Goldwyn, recognizing the popularity of Yezierska's stories, gave Yezierska a $100,000 contract to write screenplays. In California, Yezierska's sudden rise to fame prompted publicists to label her "the sweatshop Cinderella." Although Yezierska's own semi-autobiographical work had contributed to this rags-to-riches image, she found herself uncomfortable with being touted as an example of the American Dream. Frustrated by the shallowness of Hollywood and by her own alienation from her roots, Yezierska returned to New York in the mid-1920s and continued publishing novels and stories about immigrant women struggling to establish their identities in America.
Works by Anzia Yezierska
|About Anzia Yezierska|
|By Anzia Yezierska|
- We Go Forth All To See America - A Vignette (Judaica, Jewish Literature) (1920)
- Hungry Hearts (short stories, 1920) (ISBN 0-141-18005-6)
- Salome of the Tenements (novel, 1923) (ISBN 0-252-06435-6)
- Children of Loneliness (short stories, 1923)
- Bread Givers: a struggle between a father of the Old World and a daughter of the New (novel, 1925) (ISBN 0-89255-290-7)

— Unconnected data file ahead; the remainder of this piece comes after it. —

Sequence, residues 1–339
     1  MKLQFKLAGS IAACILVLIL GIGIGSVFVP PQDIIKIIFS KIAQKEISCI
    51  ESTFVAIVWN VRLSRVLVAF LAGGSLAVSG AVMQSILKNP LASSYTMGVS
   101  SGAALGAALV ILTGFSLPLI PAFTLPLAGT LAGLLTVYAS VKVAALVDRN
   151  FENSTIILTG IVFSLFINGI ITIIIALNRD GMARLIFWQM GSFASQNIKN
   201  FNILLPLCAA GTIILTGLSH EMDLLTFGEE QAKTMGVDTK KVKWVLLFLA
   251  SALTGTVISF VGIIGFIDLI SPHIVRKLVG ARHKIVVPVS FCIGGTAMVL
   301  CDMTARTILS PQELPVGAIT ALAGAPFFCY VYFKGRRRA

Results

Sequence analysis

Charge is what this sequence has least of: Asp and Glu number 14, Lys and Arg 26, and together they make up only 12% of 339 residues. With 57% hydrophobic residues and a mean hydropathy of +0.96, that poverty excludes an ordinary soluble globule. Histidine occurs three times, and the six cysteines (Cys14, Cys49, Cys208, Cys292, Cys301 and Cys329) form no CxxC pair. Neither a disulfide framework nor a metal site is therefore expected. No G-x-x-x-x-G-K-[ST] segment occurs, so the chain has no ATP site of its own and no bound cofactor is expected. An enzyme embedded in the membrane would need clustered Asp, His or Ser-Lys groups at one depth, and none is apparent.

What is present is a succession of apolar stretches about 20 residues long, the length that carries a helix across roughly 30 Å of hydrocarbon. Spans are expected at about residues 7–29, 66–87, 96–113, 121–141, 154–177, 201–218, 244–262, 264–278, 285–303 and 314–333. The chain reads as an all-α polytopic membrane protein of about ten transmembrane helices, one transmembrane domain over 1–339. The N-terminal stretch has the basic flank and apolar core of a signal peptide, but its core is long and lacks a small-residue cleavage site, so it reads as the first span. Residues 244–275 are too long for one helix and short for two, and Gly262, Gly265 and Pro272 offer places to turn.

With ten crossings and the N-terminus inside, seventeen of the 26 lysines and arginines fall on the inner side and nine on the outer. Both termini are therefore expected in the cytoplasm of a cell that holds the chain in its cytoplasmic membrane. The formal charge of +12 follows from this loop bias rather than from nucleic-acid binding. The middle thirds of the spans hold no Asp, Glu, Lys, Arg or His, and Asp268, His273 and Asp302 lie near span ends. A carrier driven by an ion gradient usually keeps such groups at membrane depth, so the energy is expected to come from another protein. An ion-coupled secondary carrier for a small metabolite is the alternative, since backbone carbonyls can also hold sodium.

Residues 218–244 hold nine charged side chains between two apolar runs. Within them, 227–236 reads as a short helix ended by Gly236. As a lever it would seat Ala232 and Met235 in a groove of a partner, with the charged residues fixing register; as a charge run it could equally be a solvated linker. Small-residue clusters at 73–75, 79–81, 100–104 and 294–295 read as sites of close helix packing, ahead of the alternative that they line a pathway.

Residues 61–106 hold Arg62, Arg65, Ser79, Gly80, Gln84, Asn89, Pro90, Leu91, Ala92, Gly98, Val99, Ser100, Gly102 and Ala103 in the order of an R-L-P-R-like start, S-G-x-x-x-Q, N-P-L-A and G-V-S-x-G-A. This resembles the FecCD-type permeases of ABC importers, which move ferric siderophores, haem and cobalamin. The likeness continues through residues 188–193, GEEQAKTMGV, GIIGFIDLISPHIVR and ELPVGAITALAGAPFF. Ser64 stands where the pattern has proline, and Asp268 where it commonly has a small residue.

- Arrogant Beggar (novel, 1927) (ISBN 0-82231-749-4)
- All I Could Never Be (novel, 1932)
- The Open Cage: An Anzia Yezierska Collection edited by Alice Kessler Harris (New York: Persea Books, 1979).
- Red Ribbon on a White Horse: My Story (autobiographical novel, 1950) (ISBN 0-89255-124-0)
- How I Found America: Collected Stories (short stories, 2003)
- The Lost Beautifulness
"Anzia Yezierska". In Dictionary of Literary Biography, Volume 221:American Women Prose Writers, 1870-1920. A Bruccoli Clark Layman Book. Edited by Sharon M. Harris, University of Nebraska, Lincoln. The Gale Group, 2000, p. 381-7.
"Anzia Yezierska". In Dictionary of Literary Biography, Volume 28: Twentieth-Century American-Jewish Fiction Writers. A Bruccoli Clark Layman Book. Edited by Daniel Walden, Pennsylvania State University. The Gale Group, 1984, p. 332-5.
"Anzia Yezierska." Jewish American Literature: A Norton Anthology. 24 October 2007 <http://www.myjewishlearning.com/culture/literature/Overview_Jewish_American_Literature/Immigrant_Literature/Literature_Anzia_Norton.htm>.
Berch, Bettina. From Hester Street to Hollywood: The Life and Work of Anzia Yezierska. Sefer International, 2009.
Bergland, Betty Ann. “Dissidentification and Dislocation: Anzia Yerzierska’s on a white horse.” “Reconstructing the ‘Self’ in America: Patterns in Immigrant Women’s Autobiography.” Ph.D. diss., University of Minnesota, 1990, 169244
Boydston, Jo Ann, ed. The Poems of John Dewey. Carbondale: Southern Illinois University Press, 1977.
Cane, Aleta. "Anzia Yezierska." American Women Writers, 1900-1945: A Bio-Bibliographical Critical Source Book. Ed. Laurie Champion. Westport, Connecticut: Greenwood Press, 2000.
Dearborn, Mary V . “Anzia Yezierska and the Making of an Ethnic American Self.” In The Invention of Ethnicity. Ed. Werner Solors. New York: Oxford University Press, 1980, 105-123.
--. Love in the Promise Land: The Story of Anzia Yezierska and John Dewey. New York: Free Press, 1988.